One More Dream
H. GORDON GREEN
For Ruth the scarlet and gold caravan held a threat to love. To Mark it was the shape of romance itself
RUTH went out with Mark that night anyhow, but she went burning with indignation. Fathers were supposed to be unreasonable about romance when they had passed that age themselves. The thing which made her so unusually angry tonight was that for once in his life her father seemed to have some reason for his complaint.
“I’ve scrimped and sweated for 30 years so you and your brother could have a decent start in life!” he’d said, putting his Farmer’s Advocate behind him. “I’ve already given your brother his own farm. He’s doing all right. And I’ve always counted on helping you and the man of your choice the same way when the time came. But I want to tell you right now that I’ll never give a red cent to a man like Mark Hewton!”
Ruth asked what was wrong with Mark Hewton. He had always acted the gentleman. Did her father want her to marry a duke, perhaps?
Her father pitched his farm magazine at the wood box. “All he has to have is a good name and ambition!” the old man shouted. “And Mark Hewton has neither!”
It was fortunate that Mark had driven up in his old Ford before she had time to reply, or there might have been a first-rate rumpus with her father going to bed sick from temper and her mother running all over the place trying to pacify him.
But now, chugging along a side road that led to nowhere, she kept thinking the thing over, trying hard to believe that the old man was only unreasonable from prejudice—that the truth was not in him.
Certainly it was mean of him to condemn Mark because of his family. Could a man help it if his father had been the biggest bootlegger who ever built a still in a swamp? And so impractical and shiftless that he had once traded his horse for a pair of peacocks?
But that part about the ambition was different. She wished Mark did have a little more push to him. It was no wonder that the prosperous, hardheaded, hard-working farmers of the community all talked about him. Ever since he had come back from overseas he hadn’t held a job for more than a month. He had lasted three weeks at the mill, two at the grocery. In fact he seemed perfectly happy running a trap line or cutting a bit of wood now and then from the swamp around the old shack his father had left him. Sometimes in the summer, when he was broke, he worked in the fields, but when he thought he had money he quit, and went back to the shack and his hunting until his money ran out again.
Ruth was thinking as they bounced along the road, I’m going to talk to him about this tonight. I’m sick and tired of hearing the folks hint about Rod Harris and how well he’s doing with his Shorthorns and his red clover! And mile after mile she kept building up the right words and the right mood for the telling.
They parked where the side road ran over a little bridge; then they got out and sat on the cement edge, letting their feet dangle over the wavy stars in the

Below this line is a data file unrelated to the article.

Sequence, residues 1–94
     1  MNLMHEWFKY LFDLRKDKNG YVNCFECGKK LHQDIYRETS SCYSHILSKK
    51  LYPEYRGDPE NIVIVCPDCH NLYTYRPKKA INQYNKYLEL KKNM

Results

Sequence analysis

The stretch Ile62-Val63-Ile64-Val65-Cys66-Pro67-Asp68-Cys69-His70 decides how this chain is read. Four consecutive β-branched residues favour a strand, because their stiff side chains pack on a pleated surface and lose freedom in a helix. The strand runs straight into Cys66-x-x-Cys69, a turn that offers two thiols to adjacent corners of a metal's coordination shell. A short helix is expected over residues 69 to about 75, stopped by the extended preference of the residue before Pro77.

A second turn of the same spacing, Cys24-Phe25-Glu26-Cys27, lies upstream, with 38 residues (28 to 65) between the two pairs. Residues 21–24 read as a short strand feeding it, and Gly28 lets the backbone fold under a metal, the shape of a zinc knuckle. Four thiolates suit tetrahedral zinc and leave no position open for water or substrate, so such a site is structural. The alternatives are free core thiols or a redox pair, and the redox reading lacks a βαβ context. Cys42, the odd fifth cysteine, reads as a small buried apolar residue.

water. It was April and the woods beyond were swimming with life and wild music, and the gentle breeze came rolling in from the south, bearing the scent of new grass and hawthorn bloom. It wasn’t a night for quarrelling.
I’ll talk to him about it later, when it’s easier to get mad, she thought. And then she leaned his way so far that he couldn’t do anything else but put his arm about her.
Why must she love the man like this? What was there about him?
She looked up at him. He wasn’t handsome. His was a face that you liked only after you learned to know the man. He was dark, with curly hair that always seemed a bit too long and with shoulders too broad for his height. But she could never resist the merry way his eyes squinted when he smiled and the low quiet way he talked.
“You’re very pretty tonight,” he told her. “That red goes well with hair as blond as yours.” And then he cupped her chin in his hand and held her in a kiss that blotted out time and place and everything but the wild music of the spring night.
Then suddenly, and most unromantically, he got up and went to the car. He came back beaming a flashlight along the bank. “I haven’t seen a crayfish this year,” he said. “They should be out now. Here, hold this light while I lift a stone or two.”
She was used to this. On a spring Sunday you couldn’t expect to walk 10 yards with Mark without seeing him stop to look at something which had aroused his curiosity. Never had she seen a man who was interested in so many things. It was sometimes annoying. It was annoying now; but she held the light, and sure enough in a few moments Mark was bolding a crayfish between his fingers. Continued on page 28
Continued on page 28
One More Dream
Continued from page 20
She didn’t see anything so wonderful about it. It was a little stone-colored creature, two or three inches long, with huge claws and beady eyes and waving whiskers. She had never even known such creatures existed until he had pointed them out to her.